In 1989, with the Travelling Wilburys having recently made the idea of super-groups seem cool again and Dire Straits having been formally dissolved, Mark Knopfler decided to fill the musical void in his life by teaming up with Guy Fletcher, Brendan Croker, Steve Phillips, and pedal steel player Paul Franklin to form a new band: the Notting Hillbillies.
Granted, Knopfler’s fellow Hillbillies might not have been household names, but their CVs were far from shabby: Fletcher had worked with Steve Harley and Roxy Music and had been playing with Dire Straits since ’84, Phillips and Franklin had their own street cred, and Croker and his band – the Five O’Clock Shadows – had been recording and releasing albums since the mid-‘80s.
New Order’s debut single, “Ceremony,” was released 33 years ago today, and although it’s still considered one of the band’s signature songs, to say that it was a transitional record doesn’t really do the situation justice.
Can you believe that the ‘90s were pretty much 20 years ago? Heck, it seems like only yesterday that I was rolling my eyes at everything, whilst acquiring a fashionable drug problem. The guitars were loud, the beats were bangin’ and the economic growth was unfettered, my friends. We were truly alive and, if it weren’t for these tunes, I wouldn’t remember a stitch of it. Enjoy!
As we celebrate Andy Gibb’s birthday today, it’s difficult to look back on the life of the youngest of the brothers Gibb without wishing that it had lasted longer, but at least he left behind a trio of albums – not to mention a few additional singles, B-sides, and demos – which conclusively confirm that he could croon just as well as Barry, Maurice, and Robin when given the opportunity.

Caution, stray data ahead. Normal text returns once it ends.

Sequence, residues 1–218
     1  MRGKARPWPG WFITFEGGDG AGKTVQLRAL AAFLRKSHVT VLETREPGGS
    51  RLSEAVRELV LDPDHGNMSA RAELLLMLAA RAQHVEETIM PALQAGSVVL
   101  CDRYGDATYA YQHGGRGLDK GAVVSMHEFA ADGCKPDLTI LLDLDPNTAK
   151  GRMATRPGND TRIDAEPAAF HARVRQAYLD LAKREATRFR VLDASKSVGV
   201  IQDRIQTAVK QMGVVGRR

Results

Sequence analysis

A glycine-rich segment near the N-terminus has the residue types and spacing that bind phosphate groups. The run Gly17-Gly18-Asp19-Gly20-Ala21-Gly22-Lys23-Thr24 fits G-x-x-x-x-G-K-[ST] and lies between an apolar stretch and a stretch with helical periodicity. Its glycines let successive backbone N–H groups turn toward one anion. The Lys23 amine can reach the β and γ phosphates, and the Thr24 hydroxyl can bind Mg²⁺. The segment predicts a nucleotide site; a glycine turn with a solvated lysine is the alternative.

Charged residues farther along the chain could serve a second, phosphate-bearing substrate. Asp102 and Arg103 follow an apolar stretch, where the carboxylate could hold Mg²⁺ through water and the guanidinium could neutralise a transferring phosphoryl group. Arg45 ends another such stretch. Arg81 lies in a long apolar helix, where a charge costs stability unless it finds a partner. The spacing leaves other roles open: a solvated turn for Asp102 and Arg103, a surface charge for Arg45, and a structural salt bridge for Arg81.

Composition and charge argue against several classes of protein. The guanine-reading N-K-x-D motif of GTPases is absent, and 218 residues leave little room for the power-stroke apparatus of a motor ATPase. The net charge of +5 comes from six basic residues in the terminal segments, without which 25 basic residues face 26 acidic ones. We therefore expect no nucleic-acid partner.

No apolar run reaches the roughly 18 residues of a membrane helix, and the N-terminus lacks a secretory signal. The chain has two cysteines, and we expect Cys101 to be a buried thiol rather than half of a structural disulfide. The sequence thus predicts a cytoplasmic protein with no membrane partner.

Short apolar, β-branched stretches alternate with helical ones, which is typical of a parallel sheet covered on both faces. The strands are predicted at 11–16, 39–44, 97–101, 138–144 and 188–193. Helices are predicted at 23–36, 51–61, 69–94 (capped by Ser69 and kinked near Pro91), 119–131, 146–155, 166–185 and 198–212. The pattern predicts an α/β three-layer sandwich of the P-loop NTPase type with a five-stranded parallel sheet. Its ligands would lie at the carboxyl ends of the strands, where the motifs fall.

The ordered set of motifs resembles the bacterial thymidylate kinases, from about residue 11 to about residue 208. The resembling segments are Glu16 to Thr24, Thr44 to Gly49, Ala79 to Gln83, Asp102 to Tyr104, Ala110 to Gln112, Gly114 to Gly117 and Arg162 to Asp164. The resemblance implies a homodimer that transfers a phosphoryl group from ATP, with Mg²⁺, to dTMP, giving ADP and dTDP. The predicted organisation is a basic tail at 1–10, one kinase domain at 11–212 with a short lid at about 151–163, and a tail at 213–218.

Born in 1958 in Manchester, England, Andrew Roy Gibb was only six months old when his family made the big move to Australia, where he lived until returning to the UK in 1967 in the wake of his brothers breaking it big in the music business. As the Bee Gees’ stock continued to rise, Andy unsurprisingly began the process of following in their footsteps, forming his own band – Melody Fayre, a name which will be familiar to anyone who owns the Odessa album – and, although it ultimately went unreleased, recording his first song, Maurice’s “My Father Was a Reb,” in 1974.
Later that year, Andy took heed of Barry’s advice to return to Australia, which had done wonders for the Bee Gees in the embryonic stage of their career. Teaming with Australian rock legend Col Joye, Andy released his first single, the self-composed “Words and Music,” in November 1975, which was a minor hit in Australia (#78) and slightly bigger in New Zealand (#29). Although he actually recorded an album’s worth of material, only the one single – which was backed with another original entitled “Westfield Mansions” – ever saw release, but the material was enough to sell the Bee Gees’ manager, Robert Stigwood, on signing Andy to his label, RSO Records.
Every week, a few more releases join the Rhino digital catalog. Here’s a quick look at the latest LPs to join the club!
Hank Crawford, Introducing Hank Crawford: Despite its title, this isn’t the debut album by the noted Ray Charles sideman: it’s actually a compilation of high points from his solo recording career. (We can certainly understand how people could get confused, though: the photo on the cover is, in fact, the very same photo that emblazons his actual debut album, 1960’s More Soul.) If you’ve been curious about Crawford’s career but found the double-disc Heart & Soul compilation too intimidating, this is definitely the way to go.
Kenny Garrett, Happy People: This 2002 album found Garrett doing his best to straddle the worlds of contemporary jazz, i.e. the material that actually sells (it’s no coincidence that the smooth “Song for DiFang” was the first thing listeners heard when they put on the record), and the old-school stuff that caused him to fall in love with the genre in the first place, best exemplified by the tellingly-titled “Monking Around.”
Rickie Lee Jones, Rickie Lee Jones: This classic 1979 debut from the so-called Duchess of Coolsville doesn’t need any help from us to make you see it a must-download: “Chuck E.’s in Love” does that all by itself. (There’s plenty of other great material, too.)